1 Introduction

The availability of an increasing number of different payment instruments and of new online payment opportunities offers individuals various payment alternatives from which to choose. For instance, these days, consumers can select from among at least nine payment instruments in the United States that—apart from cash—either authorize the transfer of money or can access funds in checking and other deposit accounts to initiate payments (Schuh and Stavins 2014). Traditional banking payment services are facing increasingly fierce competition from novel and established nonfinancial companies such as Paypal, Google, Apple and Square, to mention just a few. These companies are attempting to gain market share in the retail payment markets with innovative products such as mobile payment that offers technological advances in payment processing and more convenience.Footnote 1 Therefore, the effects on consumer payment choice of mobile payment systems have been attracting increasing attention from researchers.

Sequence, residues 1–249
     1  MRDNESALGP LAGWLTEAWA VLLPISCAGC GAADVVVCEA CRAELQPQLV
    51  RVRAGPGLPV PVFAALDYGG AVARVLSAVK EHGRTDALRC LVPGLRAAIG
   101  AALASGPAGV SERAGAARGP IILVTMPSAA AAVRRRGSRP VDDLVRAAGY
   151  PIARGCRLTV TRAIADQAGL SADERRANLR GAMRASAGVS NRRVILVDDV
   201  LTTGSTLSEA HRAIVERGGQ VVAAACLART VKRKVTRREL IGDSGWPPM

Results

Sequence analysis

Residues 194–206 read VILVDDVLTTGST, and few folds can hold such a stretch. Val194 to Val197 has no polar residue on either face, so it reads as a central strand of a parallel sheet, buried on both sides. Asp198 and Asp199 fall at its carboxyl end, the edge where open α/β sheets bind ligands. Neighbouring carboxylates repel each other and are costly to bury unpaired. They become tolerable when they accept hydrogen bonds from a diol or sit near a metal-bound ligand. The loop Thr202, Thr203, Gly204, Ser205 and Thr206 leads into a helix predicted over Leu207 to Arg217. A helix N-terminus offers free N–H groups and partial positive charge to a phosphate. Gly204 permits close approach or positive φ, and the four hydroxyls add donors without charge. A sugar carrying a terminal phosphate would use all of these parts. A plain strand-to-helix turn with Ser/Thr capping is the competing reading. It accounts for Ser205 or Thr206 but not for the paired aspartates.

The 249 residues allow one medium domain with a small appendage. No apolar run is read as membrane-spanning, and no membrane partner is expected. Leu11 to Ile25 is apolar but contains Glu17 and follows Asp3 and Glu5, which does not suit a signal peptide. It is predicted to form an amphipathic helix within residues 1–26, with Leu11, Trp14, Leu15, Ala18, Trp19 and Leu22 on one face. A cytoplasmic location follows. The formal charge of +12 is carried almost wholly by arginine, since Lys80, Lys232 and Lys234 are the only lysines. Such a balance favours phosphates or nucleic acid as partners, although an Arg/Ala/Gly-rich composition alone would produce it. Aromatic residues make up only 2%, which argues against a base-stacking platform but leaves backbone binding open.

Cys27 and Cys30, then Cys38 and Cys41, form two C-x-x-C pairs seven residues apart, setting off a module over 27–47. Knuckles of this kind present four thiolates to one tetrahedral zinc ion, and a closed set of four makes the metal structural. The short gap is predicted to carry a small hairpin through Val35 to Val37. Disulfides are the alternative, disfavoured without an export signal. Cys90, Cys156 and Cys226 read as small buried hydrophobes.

This paper studies the effect of mobile payment on the adoption and usage patterns of traditional payment instruments used at the point of sale (POS) and provides empirical evidence of actual changes in the composition of payment instrument portfolios as well as the instruments’ deployment. Mobile payment can be used to make purchases and, therefore, may compete or complement current POS payment means (e.g., cash, checks, and credit, debit and prepaid cards). Mobile payment also offers a new access channel to account-based payment services such as online banking payments and bank account number payments (Kim et al. 2010). For the purpose of this study, however, POS payments are exclusively focused on since they account for the majority of consumer payments in the United States (Schuh and Stavins 2014).Footnote 2 The multiple fields of application and the high market penetration of mobile phones suggest that mobile payment may become a very popular means of payment. The paper, therefore, aims to provide insight into the complementing or substituting patterns of mobile payment and its potential welfare gains.